European Court of Human Rights to examine complaint against ban on anonymous prepaid mobile phone cards: Press release, 15 Aug 2012

Extended German version of this press release
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A member of the Schleswig-Holstein parliament and a civil liberties activist have filed a complaint with the European Court of Human Rights against a German law which makes identification compulsory when buying prepaid mobile phone SIM cards. Laws to that effect exist in 9 of the 27 EU Member States (Bulgaria, Denmark, France, Germany, Greece, Hungary, Italy, Slovakia and Spain). The applicants hope that the Court will recognize their right to anonymous communications and anonymous Internet access.

"A blanket and indiscriminate ban on anonymous prepaid mobile phone cards endangers the freedom of communications and of the Internet", explains complainant Patrick Breyer, a Pirate Party Member of the State Parliament of Schleswig-Holstein. "Anonymity is essential, for example, to press sources, to confidential business dealings, to coordinating political protest, to psychological, medical or legal consultations as well as to self-help groups."

The European Commission criticised anonymity bans in 2011 as follows: "No evidence has been provided as to the effectiveness of those national measures. Potential limitations have been highlighted, for example, in cases of identity theft or where a SIM card is purchased by a third party or a user roams with a card purchased in a third country."[1] The Council of Europe warned that such measures "may not only threaten the privacy of subscribers and users in general, they may also inhibit their freedom of communication since they diminish the degree of anonymity which subscribers and users may wish to avail of when using the telephone by obliging them to reveal their identities".[2]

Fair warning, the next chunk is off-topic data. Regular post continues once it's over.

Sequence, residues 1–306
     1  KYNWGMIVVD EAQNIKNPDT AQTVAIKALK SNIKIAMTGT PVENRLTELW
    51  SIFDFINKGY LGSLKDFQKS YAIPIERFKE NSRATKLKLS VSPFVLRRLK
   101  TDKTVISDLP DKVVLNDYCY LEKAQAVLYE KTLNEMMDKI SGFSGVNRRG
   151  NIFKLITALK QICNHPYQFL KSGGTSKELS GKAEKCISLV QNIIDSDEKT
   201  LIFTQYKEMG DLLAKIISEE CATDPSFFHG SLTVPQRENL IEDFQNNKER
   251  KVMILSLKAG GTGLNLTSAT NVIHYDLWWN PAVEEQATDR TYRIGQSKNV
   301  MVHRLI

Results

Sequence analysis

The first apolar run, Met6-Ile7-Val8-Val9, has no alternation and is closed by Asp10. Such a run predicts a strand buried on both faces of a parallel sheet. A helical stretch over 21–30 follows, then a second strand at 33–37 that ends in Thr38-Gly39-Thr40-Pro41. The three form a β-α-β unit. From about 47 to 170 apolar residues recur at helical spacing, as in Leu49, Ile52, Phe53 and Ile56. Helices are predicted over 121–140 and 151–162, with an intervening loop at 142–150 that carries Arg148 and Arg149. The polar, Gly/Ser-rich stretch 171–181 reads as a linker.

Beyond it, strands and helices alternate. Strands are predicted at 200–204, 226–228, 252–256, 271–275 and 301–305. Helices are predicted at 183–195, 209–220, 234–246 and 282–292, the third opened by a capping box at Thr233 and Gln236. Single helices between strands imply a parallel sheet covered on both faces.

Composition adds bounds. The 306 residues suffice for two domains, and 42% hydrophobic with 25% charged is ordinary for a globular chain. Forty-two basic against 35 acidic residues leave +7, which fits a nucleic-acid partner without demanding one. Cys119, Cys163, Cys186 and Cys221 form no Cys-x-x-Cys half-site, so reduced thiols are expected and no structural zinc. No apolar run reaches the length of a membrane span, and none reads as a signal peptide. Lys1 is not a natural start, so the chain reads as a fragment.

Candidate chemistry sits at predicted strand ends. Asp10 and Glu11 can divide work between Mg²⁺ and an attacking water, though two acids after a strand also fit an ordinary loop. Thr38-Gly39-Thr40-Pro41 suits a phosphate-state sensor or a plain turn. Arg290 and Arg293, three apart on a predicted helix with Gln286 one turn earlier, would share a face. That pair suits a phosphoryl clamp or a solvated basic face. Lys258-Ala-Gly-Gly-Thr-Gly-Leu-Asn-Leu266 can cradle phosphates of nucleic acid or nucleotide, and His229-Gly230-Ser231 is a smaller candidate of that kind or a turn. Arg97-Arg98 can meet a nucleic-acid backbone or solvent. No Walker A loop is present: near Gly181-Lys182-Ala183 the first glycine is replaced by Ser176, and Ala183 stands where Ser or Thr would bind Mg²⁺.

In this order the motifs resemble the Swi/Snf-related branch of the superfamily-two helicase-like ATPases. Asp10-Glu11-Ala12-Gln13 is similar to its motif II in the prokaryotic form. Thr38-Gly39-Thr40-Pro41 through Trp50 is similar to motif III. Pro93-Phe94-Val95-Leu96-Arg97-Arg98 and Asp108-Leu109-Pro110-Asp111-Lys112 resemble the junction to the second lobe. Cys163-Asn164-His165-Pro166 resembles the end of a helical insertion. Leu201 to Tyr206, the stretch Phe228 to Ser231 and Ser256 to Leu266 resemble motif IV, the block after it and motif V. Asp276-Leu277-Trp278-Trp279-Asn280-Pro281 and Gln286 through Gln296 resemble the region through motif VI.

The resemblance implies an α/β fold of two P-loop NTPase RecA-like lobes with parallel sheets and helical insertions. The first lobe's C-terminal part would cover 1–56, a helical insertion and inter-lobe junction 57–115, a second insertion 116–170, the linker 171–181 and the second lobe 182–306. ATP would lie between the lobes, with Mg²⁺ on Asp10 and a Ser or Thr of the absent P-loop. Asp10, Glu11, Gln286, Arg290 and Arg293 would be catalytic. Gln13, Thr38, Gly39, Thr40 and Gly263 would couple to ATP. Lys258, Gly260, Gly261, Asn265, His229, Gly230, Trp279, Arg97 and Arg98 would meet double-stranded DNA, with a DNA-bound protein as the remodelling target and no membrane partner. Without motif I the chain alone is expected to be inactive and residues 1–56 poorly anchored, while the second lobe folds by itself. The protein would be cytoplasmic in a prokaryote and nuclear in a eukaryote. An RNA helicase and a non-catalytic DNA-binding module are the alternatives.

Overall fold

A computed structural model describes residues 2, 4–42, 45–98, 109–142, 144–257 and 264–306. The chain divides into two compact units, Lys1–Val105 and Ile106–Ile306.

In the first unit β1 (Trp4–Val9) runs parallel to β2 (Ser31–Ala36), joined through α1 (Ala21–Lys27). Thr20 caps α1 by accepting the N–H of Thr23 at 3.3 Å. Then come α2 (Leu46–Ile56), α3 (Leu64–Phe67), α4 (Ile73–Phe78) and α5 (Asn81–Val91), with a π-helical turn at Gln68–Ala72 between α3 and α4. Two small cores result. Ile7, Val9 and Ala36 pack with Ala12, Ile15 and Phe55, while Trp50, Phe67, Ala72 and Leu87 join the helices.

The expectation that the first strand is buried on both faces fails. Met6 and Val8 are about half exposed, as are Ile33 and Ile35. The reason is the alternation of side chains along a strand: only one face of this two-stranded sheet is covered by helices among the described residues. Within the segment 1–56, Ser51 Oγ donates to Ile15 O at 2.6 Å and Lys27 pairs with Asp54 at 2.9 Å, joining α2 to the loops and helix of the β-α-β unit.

"Two thirds of all EU Member States prosecute crime successfully without a blanket ban on anonymity", comments complainant Jonas Breyer. "As prepaid cards can be passed on or bought anonymously abroad, criminal investigators generally find identification data to be useless. The Court should scrap those ineffective anonymity bans and re-establish our right to anonymous communications and anonymous speech."

[1] Evaluation report on Data Retention Directive (2006/24/EC) (pdf). Contains country-by-country statistics, see p35.

[2] COE Council of Ministers: protection of personal freedom (pdf)


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